Bryon Kroger (22:41):

We talked a lot about strategy at the end of the day and digital operating models, how to reorganize, very strategic big picture stuff. And it's all...it's great! You all came into your roles with grand strategies, and I mean that, they were good strategies. I read both of them. And then, you help people write grand strategies across the government. And then there's this thing that always gets in the way, which is the budget. My favorite was when you showed up, I was like, "Lauren is going to be the CIO. This is going to be great!" And she published this amazing strategy and then I heard her give this talk where she was like, and I showed up, and we were hundreds of millions of dollars underfunded to do even the base level IT that we were supposed to be doing, let alone the innovative things that you wanted to do. So, it's not something we got to talk about a lot today. I'd love to hear from each of you, how are you addressing those budgetary challenges? How did you get after it, and what would you recommend to folks out in the audience?

Lauren Knausenberger (23:40):

I'm happy to go, but I know you guys have ideas on this too.

Meagan Metzger (23:44):

I have so many ideas. Some are good, some are bad. Well, one, you see this a lot. One of the biggest things I hear constantly when I'm in conversations about how do we evolve the department and what's the biggest challenge? And it always comes back to money. So I'm of two minds. One, a lot of times, yes, we are budget constrained. Yes, we need PPBE reform. That's a long way away. What do we have today that we can deal with and what can we do? A lot of it comes down to some creative writing. If we're going to be hamstrung, we get the budgets we have, there's some control we have. But if we're going to be hamstrung, how do we actually start evolving even our budget line items to match more outcomes-based requirements that fit? So for example, I was working with a gentleman, a general officer in the Air Force.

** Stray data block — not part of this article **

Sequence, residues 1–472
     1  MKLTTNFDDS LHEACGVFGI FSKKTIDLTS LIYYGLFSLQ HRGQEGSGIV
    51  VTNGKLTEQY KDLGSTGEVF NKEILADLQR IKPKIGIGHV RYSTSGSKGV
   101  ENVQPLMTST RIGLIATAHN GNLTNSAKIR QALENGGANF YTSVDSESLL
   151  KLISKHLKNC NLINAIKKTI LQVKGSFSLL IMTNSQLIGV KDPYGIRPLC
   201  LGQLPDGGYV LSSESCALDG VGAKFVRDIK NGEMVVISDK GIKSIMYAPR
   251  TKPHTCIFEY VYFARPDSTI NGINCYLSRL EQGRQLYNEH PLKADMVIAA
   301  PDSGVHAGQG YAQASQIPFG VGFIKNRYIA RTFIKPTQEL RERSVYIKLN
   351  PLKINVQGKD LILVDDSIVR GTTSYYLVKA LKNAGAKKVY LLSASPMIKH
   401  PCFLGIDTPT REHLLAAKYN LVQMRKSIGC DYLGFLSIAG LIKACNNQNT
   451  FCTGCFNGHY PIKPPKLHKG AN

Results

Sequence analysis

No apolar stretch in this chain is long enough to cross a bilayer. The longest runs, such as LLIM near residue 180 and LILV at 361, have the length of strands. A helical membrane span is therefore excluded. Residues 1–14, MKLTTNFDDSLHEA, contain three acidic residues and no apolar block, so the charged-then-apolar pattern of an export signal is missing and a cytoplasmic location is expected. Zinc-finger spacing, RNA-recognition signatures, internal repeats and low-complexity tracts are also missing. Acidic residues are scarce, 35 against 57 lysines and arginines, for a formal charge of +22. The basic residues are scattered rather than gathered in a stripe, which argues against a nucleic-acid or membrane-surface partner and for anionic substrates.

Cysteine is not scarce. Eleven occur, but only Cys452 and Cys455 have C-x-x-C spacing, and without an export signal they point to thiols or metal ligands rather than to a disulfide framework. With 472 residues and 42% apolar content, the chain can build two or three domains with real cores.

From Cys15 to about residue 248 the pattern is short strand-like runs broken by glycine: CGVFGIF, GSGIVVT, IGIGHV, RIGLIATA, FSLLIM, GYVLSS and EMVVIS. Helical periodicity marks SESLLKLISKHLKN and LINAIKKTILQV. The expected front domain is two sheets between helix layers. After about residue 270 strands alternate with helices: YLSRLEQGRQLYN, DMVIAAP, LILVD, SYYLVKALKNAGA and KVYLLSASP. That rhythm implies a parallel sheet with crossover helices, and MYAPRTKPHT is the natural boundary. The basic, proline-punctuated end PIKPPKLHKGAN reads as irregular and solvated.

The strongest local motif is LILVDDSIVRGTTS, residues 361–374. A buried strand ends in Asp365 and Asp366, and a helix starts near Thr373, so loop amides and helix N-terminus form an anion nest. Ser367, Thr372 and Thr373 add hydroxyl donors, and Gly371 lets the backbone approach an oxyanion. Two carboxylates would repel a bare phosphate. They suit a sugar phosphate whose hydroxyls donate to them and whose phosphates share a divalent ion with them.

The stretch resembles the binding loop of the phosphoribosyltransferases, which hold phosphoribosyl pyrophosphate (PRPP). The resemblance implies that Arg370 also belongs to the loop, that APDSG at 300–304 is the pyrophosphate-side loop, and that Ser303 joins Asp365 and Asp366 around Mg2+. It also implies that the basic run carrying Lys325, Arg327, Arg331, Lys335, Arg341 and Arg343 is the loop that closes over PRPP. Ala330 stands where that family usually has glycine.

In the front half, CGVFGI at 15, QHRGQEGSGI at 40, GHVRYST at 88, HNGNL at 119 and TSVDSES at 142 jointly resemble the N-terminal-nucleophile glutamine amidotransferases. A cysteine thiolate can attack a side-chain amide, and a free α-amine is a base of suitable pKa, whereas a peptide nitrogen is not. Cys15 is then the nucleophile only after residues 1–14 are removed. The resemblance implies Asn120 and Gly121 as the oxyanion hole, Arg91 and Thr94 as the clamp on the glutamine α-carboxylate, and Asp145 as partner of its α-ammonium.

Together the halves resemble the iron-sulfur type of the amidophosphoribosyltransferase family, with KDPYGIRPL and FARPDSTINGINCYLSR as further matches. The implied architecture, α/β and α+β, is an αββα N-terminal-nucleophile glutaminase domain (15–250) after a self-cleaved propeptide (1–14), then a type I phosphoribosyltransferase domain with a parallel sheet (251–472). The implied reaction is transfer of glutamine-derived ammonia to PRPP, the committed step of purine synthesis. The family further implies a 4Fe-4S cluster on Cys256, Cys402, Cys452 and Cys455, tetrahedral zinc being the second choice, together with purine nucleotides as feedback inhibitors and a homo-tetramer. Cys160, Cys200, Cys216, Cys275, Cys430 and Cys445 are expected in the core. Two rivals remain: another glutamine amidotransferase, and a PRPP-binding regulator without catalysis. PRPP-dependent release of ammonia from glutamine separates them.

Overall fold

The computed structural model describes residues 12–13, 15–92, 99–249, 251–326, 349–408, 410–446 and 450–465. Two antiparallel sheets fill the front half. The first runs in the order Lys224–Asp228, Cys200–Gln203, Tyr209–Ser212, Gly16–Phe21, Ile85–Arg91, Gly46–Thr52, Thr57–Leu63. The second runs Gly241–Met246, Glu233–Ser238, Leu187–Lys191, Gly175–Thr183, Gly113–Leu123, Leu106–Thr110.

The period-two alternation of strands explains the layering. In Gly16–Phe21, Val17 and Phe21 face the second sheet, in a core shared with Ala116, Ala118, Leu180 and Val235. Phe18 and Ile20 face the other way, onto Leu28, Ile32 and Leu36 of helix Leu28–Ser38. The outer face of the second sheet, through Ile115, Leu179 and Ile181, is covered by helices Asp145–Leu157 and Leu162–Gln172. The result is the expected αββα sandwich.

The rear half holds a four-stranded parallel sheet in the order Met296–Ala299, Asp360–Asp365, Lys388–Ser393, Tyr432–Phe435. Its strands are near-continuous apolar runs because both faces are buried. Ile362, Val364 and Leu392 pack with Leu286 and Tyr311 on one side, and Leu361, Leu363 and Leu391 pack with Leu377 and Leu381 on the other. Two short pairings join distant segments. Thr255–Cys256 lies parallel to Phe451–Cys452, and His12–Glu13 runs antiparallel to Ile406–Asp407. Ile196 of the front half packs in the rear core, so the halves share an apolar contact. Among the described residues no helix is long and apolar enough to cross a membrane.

(24:34):

He's like, "I can't get approval for budget and I just need money. I'm trying to do AI initiatives." This was before you got a lot of money if you said AI, this was when you were getting no money if you said AI, on that pendulum swing, it's like, "well, that's because your line item says I need money for AI." I'm like, what if you just said "ship detection in the South China Sea?" Then you're funding a eagle, a shark with a laser beam. It doesn't matter. The outcome is still the same. And I think if we really want to future proof our budgets and our technologies, we have to actually put the outcome that we need. So as the tech and the software in that changes, we have the flexibility to be able to do that. Now, that's hard. That's easier said than done, but I think we have to put a different lens on and think of things...break the mold of what are we actually trying to do? But at the end of the day, the budgets are a big challenge. And I think the ability, if you go back to the outcomes that we're talking about, that really helps with the prioritization. If you go, this is the outcome we're going to get to, and here are the things that I need to fund, how much is it helping me accomplish that outcome? Then you can rack and stack in a different way. And I've seen these women do that with a lot of success, but it takes a lot of discipline.

Bryon Kroger (25:47):